The National Assembly approved on Thursday Armenia’s state budget for next year that calls for a sizable increase in tax revenues questioned by the Armenian government’s tax collection agency.
The budget drafted by Prime Minister Tigran Sarkisian’s cabinet was backed by 66 parliament deputies and rejected by two others.
Most of the deputies representing the opposition Dashnaktsutyun and Zharangutyun parties boycotted the vote. Both parties have criticized the government for what they see as a very modest rise in social spending planned in 2012.
The budget commits the government to spending 1.04 trillion drams ($2.74 billion), up by about 5 percent from this year’s level. Its budgetary revenues are projected to reach 911.6 billion drams.
The resulting budget deficit is to be equivalent to 3.1 percent of Gross Domestic Product, down from about 4 percent forecast for 2011. To that end, the State Revenue Committee (SRC) will have to collect 101 billion drams in additional taxes, duties and social security payments in 2012.
The head of the SRC, Gagik Khachatrian, has repeatedly described this tax target as unrealistic. Sarkisian and Finance Minster Vache Gabrielian have dismissed Khachatrian’s objections. They say the SRC will be able to collect the extra revenues as a result of continued economic growth, improved tax administration and fresh amendments to Armenian tax legislation that were also passed by the parliament on Thursday.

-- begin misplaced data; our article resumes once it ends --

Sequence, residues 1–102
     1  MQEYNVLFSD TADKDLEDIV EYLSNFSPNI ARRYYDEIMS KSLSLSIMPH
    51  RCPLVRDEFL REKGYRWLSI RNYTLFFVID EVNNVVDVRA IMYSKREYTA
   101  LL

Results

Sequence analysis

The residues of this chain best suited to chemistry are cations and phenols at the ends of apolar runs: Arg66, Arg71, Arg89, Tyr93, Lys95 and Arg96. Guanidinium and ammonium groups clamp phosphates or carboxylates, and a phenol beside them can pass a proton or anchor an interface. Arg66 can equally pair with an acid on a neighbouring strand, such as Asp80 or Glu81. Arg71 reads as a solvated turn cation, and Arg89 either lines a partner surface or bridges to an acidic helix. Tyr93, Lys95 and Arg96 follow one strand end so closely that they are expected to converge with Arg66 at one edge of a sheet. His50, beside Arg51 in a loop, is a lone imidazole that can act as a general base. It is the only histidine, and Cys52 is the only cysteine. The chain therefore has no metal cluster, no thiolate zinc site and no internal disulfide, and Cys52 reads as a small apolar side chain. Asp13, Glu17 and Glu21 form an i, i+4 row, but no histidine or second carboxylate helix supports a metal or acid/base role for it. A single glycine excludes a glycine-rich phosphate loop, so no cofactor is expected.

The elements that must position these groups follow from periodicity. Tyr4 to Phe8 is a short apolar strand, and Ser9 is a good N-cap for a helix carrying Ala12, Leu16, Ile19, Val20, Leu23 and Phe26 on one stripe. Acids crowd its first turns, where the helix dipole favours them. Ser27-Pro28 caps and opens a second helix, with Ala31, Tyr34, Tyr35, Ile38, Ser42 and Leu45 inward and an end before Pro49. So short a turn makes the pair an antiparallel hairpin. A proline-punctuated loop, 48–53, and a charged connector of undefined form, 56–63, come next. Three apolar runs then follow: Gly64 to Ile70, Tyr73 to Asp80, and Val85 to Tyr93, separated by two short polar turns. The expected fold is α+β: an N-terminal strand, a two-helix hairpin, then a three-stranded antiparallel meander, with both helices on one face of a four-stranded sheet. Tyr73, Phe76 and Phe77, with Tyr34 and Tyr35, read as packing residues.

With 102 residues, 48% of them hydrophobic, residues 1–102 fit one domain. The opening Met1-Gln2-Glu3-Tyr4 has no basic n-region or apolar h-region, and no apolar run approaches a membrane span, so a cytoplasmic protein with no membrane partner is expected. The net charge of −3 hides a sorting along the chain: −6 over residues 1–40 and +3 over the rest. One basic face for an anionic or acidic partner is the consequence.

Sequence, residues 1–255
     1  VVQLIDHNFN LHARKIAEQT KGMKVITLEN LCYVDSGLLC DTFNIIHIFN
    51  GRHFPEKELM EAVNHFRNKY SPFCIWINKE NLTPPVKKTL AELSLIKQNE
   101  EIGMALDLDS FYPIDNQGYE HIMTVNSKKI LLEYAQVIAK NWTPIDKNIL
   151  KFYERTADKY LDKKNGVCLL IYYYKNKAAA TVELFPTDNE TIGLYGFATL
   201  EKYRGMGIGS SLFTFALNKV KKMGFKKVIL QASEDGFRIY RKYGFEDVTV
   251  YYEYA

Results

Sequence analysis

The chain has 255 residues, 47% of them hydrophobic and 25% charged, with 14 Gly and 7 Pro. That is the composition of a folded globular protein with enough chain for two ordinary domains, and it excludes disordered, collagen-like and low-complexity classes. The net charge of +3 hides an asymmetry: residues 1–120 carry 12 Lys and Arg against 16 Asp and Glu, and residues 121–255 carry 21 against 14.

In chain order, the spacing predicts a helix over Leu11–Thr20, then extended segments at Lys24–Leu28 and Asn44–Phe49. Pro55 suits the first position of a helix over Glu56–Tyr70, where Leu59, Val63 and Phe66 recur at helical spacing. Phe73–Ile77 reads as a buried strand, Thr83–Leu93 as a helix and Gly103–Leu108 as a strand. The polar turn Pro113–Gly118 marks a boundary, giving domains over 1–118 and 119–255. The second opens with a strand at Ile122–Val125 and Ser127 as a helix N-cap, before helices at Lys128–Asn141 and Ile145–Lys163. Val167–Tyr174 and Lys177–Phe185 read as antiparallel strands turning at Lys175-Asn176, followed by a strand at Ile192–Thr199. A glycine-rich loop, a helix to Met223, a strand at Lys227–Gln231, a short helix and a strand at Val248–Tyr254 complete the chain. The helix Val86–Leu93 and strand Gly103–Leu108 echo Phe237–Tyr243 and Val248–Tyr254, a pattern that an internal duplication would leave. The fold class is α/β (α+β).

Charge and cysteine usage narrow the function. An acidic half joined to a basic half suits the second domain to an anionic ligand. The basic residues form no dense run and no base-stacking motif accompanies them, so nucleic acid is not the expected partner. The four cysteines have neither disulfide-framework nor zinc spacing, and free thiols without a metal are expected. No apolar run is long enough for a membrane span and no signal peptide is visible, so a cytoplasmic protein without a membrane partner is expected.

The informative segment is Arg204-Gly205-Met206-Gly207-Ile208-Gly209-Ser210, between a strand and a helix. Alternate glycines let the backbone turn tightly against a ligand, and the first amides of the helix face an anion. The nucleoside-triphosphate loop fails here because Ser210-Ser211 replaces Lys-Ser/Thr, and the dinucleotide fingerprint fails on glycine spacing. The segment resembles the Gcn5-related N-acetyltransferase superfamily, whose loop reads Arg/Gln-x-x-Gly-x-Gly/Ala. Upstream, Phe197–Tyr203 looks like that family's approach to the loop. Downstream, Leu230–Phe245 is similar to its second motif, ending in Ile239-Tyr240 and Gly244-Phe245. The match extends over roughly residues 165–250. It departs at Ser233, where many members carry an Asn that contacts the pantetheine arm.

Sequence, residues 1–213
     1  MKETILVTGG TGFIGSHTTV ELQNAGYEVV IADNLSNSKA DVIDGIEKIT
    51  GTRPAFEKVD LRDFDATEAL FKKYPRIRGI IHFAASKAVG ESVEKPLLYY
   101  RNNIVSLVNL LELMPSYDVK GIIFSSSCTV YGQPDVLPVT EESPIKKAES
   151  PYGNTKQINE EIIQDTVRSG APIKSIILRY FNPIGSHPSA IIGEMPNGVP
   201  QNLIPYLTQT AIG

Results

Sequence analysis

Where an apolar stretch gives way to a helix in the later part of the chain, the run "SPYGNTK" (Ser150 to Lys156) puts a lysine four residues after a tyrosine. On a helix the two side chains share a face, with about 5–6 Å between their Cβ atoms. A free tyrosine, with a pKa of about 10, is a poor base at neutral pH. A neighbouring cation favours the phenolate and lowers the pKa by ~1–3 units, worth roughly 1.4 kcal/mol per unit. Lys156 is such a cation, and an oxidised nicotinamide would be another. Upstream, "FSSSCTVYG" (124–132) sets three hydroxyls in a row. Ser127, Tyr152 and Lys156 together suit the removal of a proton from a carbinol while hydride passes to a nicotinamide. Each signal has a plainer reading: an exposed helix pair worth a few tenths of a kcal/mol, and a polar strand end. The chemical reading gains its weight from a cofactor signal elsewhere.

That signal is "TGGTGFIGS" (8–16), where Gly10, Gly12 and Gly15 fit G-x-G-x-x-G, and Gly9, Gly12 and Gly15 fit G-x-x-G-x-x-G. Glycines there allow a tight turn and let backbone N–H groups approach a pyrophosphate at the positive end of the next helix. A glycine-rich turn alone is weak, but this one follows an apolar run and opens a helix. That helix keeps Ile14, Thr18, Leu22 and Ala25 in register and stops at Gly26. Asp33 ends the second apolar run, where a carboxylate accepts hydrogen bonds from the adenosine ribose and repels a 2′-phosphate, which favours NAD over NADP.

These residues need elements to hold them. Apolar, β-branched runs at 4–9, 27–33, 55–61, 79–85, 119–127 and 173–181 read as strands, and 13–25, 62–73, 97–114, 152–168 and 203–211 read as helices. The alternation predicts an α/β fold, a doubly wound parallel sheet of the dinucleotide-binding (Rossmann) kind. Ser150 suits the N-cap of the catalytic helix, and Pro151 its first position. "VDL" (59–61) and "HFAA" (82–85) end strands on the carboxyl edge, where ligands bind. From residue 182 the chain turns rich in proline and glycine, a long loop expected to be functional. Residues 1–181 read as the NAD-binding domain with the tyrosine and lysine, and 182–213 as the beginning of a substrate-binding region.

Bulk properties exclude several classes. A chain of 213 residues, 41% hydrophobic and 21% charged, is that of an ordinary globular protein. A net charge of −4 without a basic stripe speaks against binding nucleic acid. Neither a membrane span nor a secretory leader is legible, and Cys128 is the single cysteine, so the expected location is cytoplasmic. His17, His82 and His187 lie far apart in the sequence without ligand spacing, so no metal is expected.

The amendments are supposed to mainly target wealthy Armenians. In particular, they raised from 20 to 25 percent the rate of personal income tax for people earning 2 million drams ($5,260) or more a month. The government bill will also lead to sharp rises in taxes levied from expensive cars and alcoholic beverages and casinos.
The government based its budgetary targets on the assumption that the Armenian economy will grow by 4.2 percent in 2012. Gabrielian admitted last month that renewed recession in Europe could slow that growth and thus complicate the planned increase in tax receipts.
Sarkisian likewise warned of a fallout from Europe’s sovereign debt crisis when he addressed the parliament on Tuesday. “We are obliged to monitor global processes and take preemptive measures to minimize their impact [on Armenia,]” the prime minister said.
Social security, education and healthcare will absorb nearly half of the projected government expenditures. The government is to spend roughly 200 billion drams on defense, security and law-enforcement and around 47 billion drams on debt servicing.